As my mother and I sliced cheese and summer sausage at her kitchen counter, my dad lit a fire in the fireplace and asked me, “What time are your girls coming over?”
My girls. I felt a stream of giddiness shoot from my gut to my heart—we lived miles apart and our lives had taken very different paths, and yet they were still my girls, my crew, my posse.
I told my dad they’d start streaming in late afternoon, and so they did. One by one, three of my closest friends from high school each kissed a toddler goodbye for the evening, told a husband not to wait up, or packed a newborn in a car seat before heading off for my parents’ place for holiday dinner leftovers and overdue catching up.
Back in the day, I used to sit with these girls to weep over boys who didn’t return our love, to obsess over college and career plans, to discuss the types of women we hoped to become. Each girl took her turn in sharing her joys or frustrations, and we’d often part with the promise to keep one another in our prayers or—in some cases—we’d close our get-together with a prayer on the spot.
There was a time when I wasn’t sure how these relationships would weather, especially as I moved miles away and developed a more liberal outlook—both spiritually and politically. I worry about that less and less each time we get together, and our meeting the other night seemed to be solid evidence that, regardless of doctrine or what it says on our voter registration, we remain connected by the broad strokes of faith—by a shared Higher Power and a shared belief in His amazing love.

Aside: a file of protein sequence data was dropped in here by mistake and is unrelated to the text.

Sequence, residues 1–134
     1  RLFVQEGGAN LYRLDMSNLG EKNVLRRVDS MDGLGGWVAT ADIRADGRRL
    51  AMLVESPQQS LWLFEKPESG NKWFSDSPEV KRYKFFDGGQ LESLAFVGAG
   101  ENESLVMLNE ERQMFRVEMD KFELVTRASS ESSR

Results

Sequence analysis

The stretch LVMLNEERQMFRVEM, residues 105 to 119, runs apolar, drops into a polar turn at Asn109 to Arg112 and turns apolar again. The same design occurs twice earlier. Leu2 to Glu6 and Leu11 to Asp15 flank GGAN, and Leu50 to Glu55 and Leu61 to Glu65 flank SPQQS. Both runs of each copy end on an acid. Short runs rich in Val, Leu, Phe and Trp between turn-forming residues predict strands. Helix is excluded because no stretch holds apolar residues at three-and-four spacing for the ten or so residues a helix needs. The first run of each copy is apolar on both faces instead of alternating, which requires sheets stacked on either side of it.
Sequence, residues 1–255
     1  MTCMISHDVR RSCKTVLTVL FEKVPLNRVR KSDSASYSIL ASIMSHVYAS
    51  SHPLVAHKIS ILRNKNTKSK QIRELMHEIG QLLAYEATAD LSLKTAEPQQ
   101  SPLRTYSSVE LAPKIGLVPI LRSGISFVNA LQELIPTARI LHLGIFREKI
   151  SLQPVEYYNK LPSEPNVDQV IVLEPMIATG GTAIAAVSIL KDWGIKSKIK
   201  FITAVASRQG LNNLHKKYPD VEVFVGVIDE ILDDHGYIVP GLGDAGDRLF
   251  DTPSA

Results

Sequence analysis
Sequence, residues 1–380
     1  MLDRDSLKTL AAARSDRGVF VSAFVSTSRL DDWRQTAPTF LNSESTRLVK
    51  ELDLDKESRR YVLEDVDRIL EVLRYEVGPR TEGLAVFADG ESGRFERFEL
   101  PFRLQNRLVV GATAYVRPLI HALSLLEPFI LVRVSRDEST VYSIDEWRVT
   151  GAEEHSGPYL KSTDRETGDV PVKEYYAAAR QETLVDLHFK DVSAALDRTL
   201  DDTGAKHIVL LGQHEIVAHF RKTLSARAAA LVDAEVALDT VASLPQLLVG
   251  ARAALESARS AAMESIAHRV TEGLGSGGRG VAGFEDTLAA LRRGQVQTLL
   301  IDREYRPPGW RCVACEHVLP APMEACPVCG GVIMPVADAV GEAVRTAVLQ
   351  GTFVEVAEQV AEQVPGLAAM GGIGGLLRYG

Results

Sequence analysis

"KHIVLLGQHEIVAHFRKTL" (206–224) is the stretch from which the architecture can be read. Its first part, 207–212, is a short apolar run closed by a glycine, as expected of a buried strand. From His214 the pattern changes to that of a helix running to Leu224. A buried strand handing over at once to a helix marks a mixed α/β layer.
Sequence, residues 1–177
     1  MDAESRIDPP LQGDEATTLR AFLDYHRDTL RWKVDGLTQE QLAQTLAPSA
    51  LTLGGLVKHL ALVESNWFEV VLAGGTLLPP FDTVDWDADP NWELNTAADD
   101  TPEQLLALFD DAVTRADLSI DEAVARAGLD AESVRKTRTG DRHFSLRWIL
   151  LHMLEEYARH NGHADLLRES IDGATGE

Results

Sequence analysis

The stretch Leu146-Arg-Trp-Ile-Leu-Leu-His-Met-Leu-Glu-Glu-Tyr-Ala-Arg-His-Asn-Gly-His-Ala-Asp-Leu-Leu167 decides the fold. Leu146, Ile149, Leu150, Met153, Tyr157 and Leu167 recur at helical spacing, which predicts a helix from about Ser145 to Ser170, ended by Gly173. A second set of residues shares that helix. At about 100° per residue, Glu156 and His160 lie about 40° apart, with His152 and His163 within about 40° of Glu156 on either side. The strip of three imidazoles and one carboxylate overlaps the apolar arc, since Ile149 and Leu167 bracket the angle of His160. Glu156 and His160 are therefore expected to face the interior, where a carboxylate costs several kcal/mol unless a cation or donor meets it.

Because I’m the out-of-towner, I usually get the credit for bringing everyone together again when I ask to catch up over the holidays. Nevertheless, I think we all know that our connectedness began in the hands of God and it’s that very special spiritual bond that draws us back together, no matter how the years change us and sweep us into new and unfamiliar lives.
It’s so easy to view prayer as a purely personal experience, but I believe that God uses our prayer communities to keep us grounded and to give us a real and concrete reminder of what His love looks like. There are moments when prayer is best for dark corners and quiet rooms, but there’s a lot to be said for the interpersonal bond of faith.
- Abigail Wurdeman